MU Health Care lights up red for American Heart Month

Exterior lights at the University Hospital and MU Women’s and Children’s Hospital will be red for all of February.

The month of February has recently been deemed American Heart Month to raise awareness of heart disease in the country.

MU Health Care is celebrating this month in a few ways this year. Exterior lighting of University Hospital and the MU Women’s and Children’s Hospital has been colored red.

The red lighting is a simple way to bring attention to heart disease awareness, according to an MU Health Care news release.

At University Hospital, the lobby archway and the two glass stairwells on the south and southeast sides of the patient care tower have been lit red. A projected image of a red dress, the symbol of National Wear Red Day, which was Friday, was projected on the exterior of the hospital.

At the MU Women’s and Children’s Hospital, the archway above the main entrance has been lit red as well.

MU Health Care believes it’s important to celebrate the month because cardiovascular disease is the leading cause of death in men and women in the U.S.

Mary Dohrmann, a cardiologist and medical director of the University Physicians-Cardiovascular Medicine Clinic and MU Health Care’s cardiac rehabilitation service, said some of the warning signs of a person with possible heart disease are chest discomfort, usually in the center of the chest, discomfort in other areas of the upper body and shortness of breath.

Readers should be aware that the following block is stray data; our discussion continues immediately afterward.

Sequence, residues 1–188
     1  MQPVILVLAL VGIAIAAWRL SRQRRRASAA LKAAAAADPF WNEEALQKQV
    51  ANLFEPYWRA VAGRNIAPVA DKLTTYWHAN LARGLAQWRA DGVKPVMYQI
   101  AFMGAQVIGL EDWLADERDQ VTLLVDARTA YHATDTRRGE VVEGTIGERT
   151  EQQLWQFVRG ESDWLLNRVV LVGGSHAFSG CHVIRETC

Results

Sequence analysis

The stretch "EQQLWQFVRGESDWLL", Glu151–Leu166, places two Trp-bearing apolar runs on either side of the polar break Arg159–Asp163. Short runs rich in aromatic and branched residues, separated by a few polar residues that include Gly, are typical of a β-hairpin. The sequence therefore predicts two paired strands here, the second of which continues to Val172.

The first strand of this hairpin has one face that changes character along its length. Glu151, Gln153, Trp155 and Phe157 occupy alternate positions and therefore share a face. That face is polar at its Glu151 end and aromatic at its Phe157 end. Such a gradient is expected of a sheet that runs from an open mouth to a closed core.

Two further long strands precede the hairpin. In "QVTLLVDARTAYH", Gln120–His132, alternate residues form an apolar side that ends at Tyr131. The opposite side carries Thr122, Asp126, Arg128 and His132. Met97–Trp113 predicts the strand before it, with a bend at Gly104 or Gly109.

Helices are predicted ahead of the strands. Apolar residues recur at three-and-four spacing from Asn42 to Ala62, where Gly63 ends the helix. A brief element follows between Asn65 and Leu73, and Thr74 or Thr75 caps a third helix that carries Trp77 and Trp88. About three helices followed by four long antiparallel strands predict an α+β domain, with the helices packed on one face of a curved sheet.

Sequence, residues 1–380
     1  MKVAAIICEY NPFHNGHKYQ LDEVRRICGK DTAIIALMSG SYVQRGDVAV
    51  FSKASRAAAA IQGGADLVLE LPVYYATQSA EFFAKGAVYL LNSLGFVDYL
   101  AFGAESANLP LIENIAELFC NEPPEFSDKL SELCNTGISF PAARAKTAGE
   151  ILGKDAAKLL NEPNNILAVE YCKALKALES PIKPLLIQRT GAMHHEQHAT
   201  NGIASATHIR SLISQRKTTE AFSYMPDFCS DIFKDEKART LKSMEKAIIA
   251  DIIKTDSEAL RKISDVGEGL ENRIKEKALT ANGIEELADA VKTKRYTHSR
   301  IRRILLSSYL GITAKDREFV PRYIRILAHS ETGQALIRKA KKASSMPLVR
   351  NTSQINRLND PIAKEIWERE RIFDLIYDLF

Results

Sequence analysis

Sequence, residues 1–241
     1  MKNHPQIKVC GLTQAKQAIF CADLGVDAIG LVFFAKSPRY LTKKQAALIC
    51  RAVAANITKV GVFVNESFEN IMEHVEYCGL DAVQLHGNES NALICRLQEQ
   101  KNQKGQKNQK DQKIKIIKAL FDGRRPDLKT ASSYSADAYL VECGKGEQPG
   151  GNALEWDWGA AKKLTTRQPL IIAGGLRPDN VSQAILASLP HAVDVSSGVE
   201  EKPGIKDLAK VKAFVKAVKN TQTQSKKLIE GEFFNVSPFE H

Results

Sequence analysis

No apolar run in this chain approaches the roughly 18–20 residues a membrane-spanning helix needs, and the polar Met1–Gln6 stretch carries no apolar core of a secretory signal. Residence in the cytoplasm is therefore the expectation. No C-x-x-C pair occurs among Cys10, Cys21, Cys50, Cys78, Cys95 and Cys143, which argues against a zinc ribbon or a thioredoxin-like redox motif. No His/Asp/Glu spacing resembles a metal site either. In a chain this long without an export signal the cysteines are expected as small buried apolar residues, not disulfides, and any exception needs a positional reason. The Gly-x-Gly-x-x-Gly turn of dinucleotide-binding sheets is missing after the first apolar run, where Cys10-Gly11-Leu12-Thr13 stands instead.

Dohrmann said to call for emergency assistance if an individual is having these symptoms.

Some of the controllable factors that can lead to heart disease are high blood pressure, diabetes, and cholesterol levels, Dohrmann said.

She said that not smoking is the most important preventable risk factor.

In addition to the red exterior lighting, MU Health Care is also sponsoring a free health screening from 7 to 10 a.m. on Feb. 22 and a heart-healthy cooking demonstration from noon to 1 p.m. on Feb. 24 at the HyVee on Nifong Boulevard.

Dohrmann said she would love to report by next February that heart disease in Missouri is decreasing.

“(I hope) the heart-healthy lifestyle promoted during Heart Month should have long-lasting benefits for anyone who makes the needed changes,” she said.

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